What's Next?

Wow, it's been a while! This has been a busy year of learning and growth for both my students and me. I have a lot of ideas I want to share in the upcoming weeks, but first I have some big news! I will be moving to a new magnet school next year that focuses on coding throughout the elementary grades. This move will also include a (small) grade level jump to Kindergarten. I am excited and nervous, but mostly excited for these changes.

I had been a Pre K teacher at my former school for three years and, though I loved my work and my students, it felt like the right time for a change to focus more on coding in the classroom. I am looking forward to challenging myself and seeing how everything works in a new school. My new PLC will have a shared interest in coding integration and I think this will offer me opportunities for growth. I will also be participating in a lot of professional development this summer to get ready (mostly related to technology and balanced literacy).

What does this mean for Shoelace Coding? My focus will continue to be on early childhood, but I plan to include more content that relates to the Common Core State Standards and connecting subject areas. Play is still very important to me - I have been tinkering with creating my own coding games to incorporate The 5 Attributes into Kindergarten literacy instruction, so look out for that this summer. There will also be updates to some of my old products and (hopefully!) a new blog layout.

I am looking forward to sharing this adventure with you! If there is anything you have been searching for/wondering about while trying to integrate technology into your early childhood classroom, please leave a comment below.

Let Them Experiment

It's the end of October, and we're really just starting a deep dive into the Bee Bots. If you're anything like teacher-me you have to keep reminding yourself, "Slow down. Let them be little. Let them play." Would I love it if we were already using the Bee Bots to sequence stories and learn about counting on? Sure, but what do my kids love?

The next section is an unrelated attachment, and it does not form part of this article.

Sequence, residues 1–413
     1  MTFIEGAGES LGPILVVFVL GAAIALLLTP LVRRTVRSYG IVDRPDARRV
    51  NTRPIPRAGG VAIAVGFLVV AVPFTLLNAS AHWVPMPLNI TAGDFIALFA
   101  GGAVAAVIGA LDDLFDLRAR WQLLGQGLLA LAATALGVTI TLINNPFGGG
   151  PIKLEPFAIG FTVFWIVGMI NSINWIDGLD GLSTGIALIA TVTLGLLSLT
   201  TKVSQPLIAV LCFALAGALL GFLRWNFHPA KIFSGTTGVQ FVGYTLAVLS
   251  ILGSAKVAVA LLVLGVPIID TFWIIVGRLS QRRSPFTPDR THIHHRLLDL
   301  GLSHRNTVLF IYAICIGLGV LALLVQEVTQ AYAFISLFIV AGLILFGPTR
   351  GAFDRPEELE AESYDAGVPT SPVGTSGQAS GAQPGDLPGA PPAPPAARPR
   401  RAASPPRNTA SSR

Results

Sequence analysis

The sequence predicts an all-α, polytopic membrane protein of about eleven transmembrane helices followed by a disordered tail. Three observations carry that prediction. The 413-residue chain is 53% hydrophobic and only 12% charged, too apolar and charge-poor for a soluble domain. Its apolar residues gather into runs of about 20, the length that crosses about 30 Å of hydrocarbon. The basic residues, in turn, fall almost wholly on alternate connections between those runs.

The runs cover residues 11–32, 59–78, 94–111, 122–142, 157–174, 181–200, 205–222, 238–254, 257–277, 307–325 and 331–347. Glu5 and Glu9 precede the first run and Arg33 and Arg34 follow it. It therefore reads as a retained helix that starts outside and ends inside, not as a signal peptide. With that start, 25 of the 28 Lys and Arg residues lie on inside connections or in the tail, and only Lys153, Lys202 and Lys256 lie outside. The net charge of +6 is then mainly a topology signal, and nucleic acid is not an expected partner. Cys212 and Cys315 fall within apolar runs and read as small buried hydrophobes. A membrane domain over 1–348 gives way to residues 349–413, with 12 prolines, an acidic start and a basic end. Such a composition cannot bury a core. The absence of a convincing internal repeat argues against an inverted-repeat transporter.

They want to experiment! They want to watch the Bee Bot's lights go on and off. They want to try the Bee Bot from different starting points (not just the carefully designed teacher starting point... I should have known better on that one). They want to run the Bee Bots into one another to see what happens. They want to lick the Bee Bot (yes, apparently this is a five senses exploration of robots).

When asked how I start teaching coding, I would say that the very, very beginning is not a teacher-led process. With the Bee Bots, with ScratchJr, or with whatever medium you're using to introduce your young students to coding, it has to begin with play. I do my best to model the basics for my students so that they don't get frustrated, but for their first experience I am there as an observer and questioner. I repeat to myself many times over, "Sit on your hands. It is not your turn," and I take notes of what they are doing so that I can teach some next steps during a later lesson.

So today my students played. I learned a lot about my students' abilities to communicate with each other, solve problems, work as teams, and persist. And I held off on "doing the teaching" until I had to sanitize a sad Bee Bot (which I'm sure did not taste good, but I don't have the four-year-old bravery to try that particular experiment).

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